Having a diverse staff can also provide a company with valuable cultural insights in an increasingly global marketplace. Communicating and establishing professional relationships with different cultures and nations can prove a challenging task for even the most experienced professionals. Study.com's Human Resources Issues in International Business course, for example, explains a variety of challenges that HR managers can expect to face when dealing with international businesses. Having a team of individuals from different backgrounds can provide you with information about how to best negotiate and interact with new clients across the globe.
Expanded Hiring Pools
Returning to the idea of numbers, it's also important to realize that failure to promote office diversity can directly hinder your ability to bring on and cultivate the most talented hires, Statistically speaking, a greater percentage of applicants belong to various genders, races, and religions to the extent that not paying attention to those qualifiers will limit the number of candidates from which you can choose.
Failure to accept or promote diversity in the workplace is more than a moral failing; as any seasoned professional can attest, intentionally limiting your access to new ideas and talent pools is not a viable approach to long-term success. A diverse staff does more than just look good from a PR standpoint; it can propel your business and drive innovation in the right direction.
Role of HR in Promoting Diversity
Understanding the role of diversity in the workplace is certainly important, especially if you're working in the tech industry. However, understanding the sort of impact diversity will have on you as an HR professional is even more important.
Keys to Success
The key to a successfully diverse workplace starts with your department. HR is responsible for hiring and onboarding new talent, which means you have a direct influence on the racial makeup of your workplace; as mentioned earlier, creating and maintaining a diverse staff is an essential part of your job as an HR manager.
On the other hand, be mindful not to let the need for diversity overrule your business sense. When attempting to find the right staffing balance, be careful not to ignore a candidate's overall competency during the interview process. For example, imagine you're interviewing candidates and have narrowed the search down to two potential hires. Candidate A has a stellar resume and impressive recommendations and makes for a strong interview, while Candidate B has an average resume and more modest recommendations and makes for an unimpressive interview. Even if Candidate B would give your office a more diverse representation, Candidate A is clearly the better choice.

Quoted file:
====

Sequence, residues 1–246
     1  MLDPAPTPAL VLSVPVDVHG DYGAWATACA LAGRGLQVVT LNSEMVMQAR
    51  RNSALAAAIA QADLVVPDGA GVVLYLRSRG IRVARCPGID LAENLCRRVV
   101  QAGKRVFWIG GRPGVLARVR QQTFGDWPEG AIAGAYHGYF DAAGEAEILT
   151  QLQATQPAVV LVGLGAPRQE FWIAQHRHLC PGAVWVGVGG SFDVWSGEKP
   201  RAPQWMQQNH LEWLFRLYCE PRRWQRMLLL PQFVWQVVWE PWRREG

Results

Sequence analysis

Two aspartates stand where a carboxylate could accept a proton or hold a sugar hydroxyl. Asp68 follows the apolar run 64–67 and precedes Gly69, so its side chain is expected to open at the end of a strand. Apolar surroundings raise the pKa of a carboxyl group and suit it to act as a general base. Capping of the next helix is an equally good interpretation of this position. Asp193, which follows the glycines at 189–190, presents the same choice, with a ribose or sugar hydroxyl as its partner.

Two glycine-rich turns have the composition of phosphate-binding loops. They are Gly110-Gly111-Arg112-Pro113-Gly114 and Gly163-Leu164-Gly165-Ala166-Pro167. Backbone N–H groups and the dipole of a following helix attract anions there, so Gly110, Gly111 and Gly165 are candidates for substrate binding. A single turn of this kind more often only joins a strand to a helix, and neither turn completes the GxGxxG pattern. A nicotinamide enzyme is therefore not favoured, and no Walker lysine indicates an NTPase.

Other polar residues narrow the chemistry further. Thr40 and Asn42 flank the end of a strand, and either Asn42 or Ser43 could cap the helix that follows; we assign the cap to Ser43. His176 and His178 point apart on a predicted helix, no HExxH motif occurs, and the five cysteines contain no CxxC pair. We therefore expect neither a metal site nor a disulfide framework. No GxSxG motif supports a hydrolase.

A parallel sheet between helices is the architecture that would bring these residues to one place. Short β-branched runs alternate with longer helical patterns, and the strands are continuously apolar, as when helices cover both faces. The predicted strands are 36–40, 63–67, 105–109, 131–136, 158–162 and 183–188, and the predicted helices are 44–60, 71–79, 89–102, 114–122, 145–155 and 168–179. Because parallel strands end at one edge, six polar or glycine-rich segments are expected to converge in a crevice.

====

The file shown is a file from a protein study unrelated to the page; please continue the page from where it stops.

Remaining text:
Courses for Success
This Study.com course on soft human resource management (HRM) explores the concept of treating employees as individuals and not just resources for the company to use. If this doesn't mesh with your management style, think back to the statistics we covered in the first section of this article: younger generations respond well to this style of leadership, so at the very least, consider implementing a few of these techniques into your model. As with diversity, there are competitive advantages to investing in your employees and sustaining a high level of employee satisfaction. In the event that you're eager to encourage diversity but are a little unsure of how to go about doing so, check out this lesson on promoting diversity and inclusion for some innovative and effective ideas.
A Final Thought
Diversity in the workplace is here to stay, and it's your job as an HR professional to find ways to help your company adapt to and make the best use of this changing landscape. By remaining open to change and creating a tolerant office, you can provide your company with some long-term cultural and professional benefits.